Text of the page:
A few commentaries on this odd story have viewed the mud-baths as scatological in nature:  that what the publisher really wants to wallow in is shit. Given that the character’s initials  quite probably connotes “bullshit,” this is a logical conclusion, though it doesn’t take in everything interesting about “Rehearsal.”

What makes “Grave Rehearsal” a mythic story is the way in which it opposes two modes of existence, which, after Jung, I’ll call “the extroverted” and “the introverted.” In the first few pages of the story, Fitts is an extroverted type, in that he is an unscrupulous exploiter concerned only with making money through “mud-slinging” to readers he considers “swine.” Extreme extroversion, however, puts his life at risk, at which point Madame Satin inexplicably seeks him out. Given the speedy effects of the mud-sample, apparently the soil of Transvania really has some magical properties (not unlike the virtue the Original Vampirefound in his “native earth"), and Madame Satin knows in advance what over-active businessmen really need. She turns Fitts from a subordinator to a “sub,” calling forth his inner masochist, even though his syndrome goes no further than his embracing a sort of womb-like “ecstasy.”  Significantly, Fitts belatedly tries to jump off the sub-train by realizing he’s given away a little too much, though by that time it’s too late for him to keep his life. Contrary to her appearance, Madame Satin is even more of an exploiter than Fiits, being willing to kill multiple victims in order that she can live the good life. Yet once he’s dead, Fitts expresses his alpha-male power much as he did in life: stirring up resentments in the other spirits just as he used to stir up his customers’ desire for titillation—and he even makes his own death into grist for the sensation mill. It’s because of this belated act of extroversive will, overcoming his own desire to return to the womb, that makes Fitts, rather than his exotic murderess, the star of this particular mythcomic.

Tuesday, July 2, 2019


In FREEDOM VS. FREEDOM PART 2, I mentioned that:

both "work" and "play" are interdependent necessities, not opposed in the conventional sense that people oppose, say, "right choice" and "wrong choice."

Nowhere is this more true than in the domain of art. There are countless professions that do not invoke the spirit of play. No one asks whether a plumber or a carpenter infuses his labor with such spirits.

It's arguable as to whether some forms of art may be easier to turn out as on an assembly-line. Certainly any number of popular genres, be it mysteries, romances, or superheroes, have been critiqued as being all but identical in form and function. Nevertheless, this elitist criticism overlooks the fact that not every genre-product seems identical to its audience. Writer X succeeds more than Writer Y precisely because the audience thinks Writer X has some quality that Y does not. Often, if not always, this quality stems from X's ability to come up with characters or situations that fire the audience's imagination. This is only possible if Writer X possessed what Kant called (in a different context) "the free play of the imagination."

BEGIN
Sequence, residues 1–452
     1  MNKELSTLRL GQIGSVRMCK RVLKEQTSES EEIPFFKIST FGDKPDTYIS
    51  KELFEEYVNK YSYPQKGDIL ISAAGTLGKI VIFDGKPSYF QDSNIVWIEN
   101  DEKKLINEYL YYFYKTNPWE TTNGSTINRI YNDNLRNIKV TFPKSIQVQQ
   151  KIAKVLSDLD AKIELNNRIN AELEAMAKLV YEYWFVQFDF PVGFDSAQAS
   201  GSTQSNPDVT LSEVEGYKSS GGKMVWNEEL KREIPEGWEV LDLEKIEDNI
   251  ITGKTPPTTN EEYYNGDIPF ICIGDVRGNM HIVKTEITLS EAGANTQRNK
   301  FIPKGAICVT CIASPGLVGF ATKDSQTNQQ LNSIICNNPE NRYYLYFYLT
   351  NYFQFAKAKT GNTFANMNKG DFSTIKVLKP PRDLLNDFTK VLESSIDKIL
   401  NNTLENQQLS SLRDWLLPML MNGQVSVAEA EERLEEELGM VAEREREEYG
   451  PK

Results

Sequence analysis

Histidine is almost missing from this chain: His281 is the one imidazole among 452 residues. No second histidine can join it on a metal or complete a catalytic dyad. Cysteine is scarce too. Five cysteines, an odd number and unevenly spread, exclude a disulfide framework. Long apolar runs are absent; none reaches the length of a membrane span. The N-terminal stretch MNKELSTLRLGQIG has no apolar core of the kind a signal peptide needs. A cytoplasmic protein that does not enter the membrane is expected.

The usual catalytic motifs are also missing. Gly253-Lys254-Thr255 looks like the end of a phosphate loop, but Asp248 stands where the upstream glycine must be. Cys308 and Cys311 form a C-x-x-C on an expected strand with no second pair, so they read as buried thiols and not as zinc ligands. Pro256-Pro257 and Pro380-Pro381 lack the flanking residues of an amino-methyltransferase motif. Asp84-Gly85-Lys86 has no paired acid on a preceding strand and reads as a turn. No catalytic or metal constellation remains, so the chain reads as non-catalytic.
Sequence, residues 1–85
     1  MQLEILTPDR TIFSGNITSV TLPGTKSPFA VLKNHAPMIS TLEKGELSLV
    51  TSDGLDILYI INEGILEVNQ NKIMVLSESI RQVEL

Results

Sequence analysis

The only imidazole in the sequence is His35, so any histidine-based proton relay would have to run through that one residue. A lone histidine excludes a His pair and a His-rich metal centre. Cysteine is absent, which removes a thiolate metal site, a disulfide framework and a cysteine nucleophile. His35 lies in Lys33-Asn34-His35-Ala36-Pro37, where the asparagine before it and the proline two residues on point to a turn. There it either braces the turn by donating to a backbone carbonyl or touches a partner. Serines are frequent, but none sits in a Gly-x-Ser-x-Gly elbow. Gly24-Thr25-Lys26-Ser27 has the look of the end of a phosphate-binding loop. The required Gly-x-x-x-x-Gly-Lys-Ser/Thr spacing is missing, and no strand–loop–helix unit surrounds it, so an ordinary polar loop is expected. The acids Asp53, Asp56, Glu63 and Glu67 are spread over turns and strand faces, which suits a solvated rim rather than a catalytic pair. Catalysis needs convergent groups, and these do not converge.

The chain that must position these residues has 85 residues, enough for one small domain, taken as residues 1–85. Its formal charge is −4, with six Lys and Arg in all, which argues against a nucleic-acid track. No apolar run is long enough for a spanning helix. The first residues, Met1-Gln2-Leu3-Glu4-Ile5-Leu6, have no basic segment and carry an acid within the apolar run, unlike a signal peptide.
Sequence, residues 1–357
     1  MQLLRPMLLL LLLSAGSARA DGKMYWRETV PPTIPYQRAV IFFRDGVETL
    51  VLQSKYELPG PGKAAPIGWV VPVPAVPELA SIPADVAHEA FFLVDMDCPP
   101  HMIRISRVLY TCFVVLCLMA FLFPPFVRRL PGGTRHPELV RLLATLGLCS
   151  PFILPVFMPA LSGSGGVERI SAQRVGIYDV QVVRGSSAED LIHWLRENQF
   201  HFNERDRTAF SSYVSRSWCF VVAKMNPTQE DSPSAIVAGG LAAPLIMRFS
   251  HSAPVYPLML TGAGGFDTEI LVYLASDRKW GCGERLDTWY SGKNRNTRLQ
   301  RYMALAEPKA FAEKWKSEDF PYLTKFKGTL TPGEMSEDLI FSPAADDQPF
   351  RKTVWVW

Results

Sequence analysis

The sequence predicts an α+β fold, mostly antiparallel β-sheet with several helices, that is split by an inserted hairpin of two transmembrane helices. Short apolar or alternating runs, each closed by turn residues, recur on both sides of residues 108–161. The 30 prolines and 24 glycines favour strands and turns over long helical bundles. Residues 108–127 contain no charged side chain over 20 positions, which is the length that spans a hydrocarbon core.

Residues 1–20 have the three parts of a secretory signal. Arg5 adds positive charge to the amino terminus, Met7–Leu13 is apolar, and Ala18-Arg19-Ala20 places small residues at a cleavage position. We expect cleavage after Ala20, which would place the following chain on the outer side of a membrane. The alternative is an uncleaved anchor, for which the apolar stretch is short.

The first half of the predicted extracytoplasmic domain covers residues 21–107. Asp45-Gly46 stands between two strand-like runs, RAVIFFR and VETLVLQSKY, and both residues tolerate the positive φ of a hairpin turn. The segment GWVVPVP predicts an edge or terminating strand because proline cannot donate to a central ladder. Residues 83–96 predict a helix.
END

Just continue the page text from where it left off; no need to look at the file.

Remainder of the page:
The art of acting might be considered less amenable to the assembly-line ethic. Millions of actors perform in stage and screen every day, and all of those performances, whether judged as "good work" or "bad work," fall under the rubric of work.

Yet the dynamic of "play" in acting is harder to pin down. On one hand, an actor must strive to mirror the emotions of a given character with as much fidelity as is possible. If the actor plays a tough guy, he must project toughness; if a buffoon, buffoonishness, and so on.

And yet, even though this reproduction sounds like "work," in the same way that an assembly-line worker would produce one identical automobile part after another, the superior actor is distinguished from the inferior one by his imaginative qualities.

To take a couple of examples from Classic Hollywood, I would compare contemporaries George Raft and Humphrey Bogart.

George Raft broke into Hollywood stardom thanks to his role in Howard Hawks' 1932 SCARFACE. Though Raft enjoyed his share of cinematic successes, today he's also known for passing on a number of potentially career-building roles, HIGH SIERRA and THE MALTESE FALCON (both 1941), ostensibly because he thought the roles would make him seem unsympathetic. In my view, he was a limited actor who couldn't manage to put himself in the shoes of such morally ambiguous characters.

One anecdote avers that Humphrey Bogart and George Raft knew one another, and that Bogart sometimes advised Raft not to take this or that role, only to take the role for himself. This has the ring of truth, since actors have been known to undercut one another to get ahead. But if Bogart did this, his actions probably produced better results for films like HIGH SIERRA. It's hard to imagine Raft putting across the combination of toughness and sentiment that make up the character of Roy Earle, as did Bogart.

How does "play" manifest in a performance, be it live or preserved on celluloid? It may be through innumerable bits of physical "business" that convey to the audience a more organic sense of the character's actuality, or it may be something more sweeping, a mental concept of the character that assembles all of the disparate "parts" of the performance into a whole greater than the sum of those parts. But in any case, the profession of the actor seems particularly apt as a means of distinguishing the interacting forms of work and play.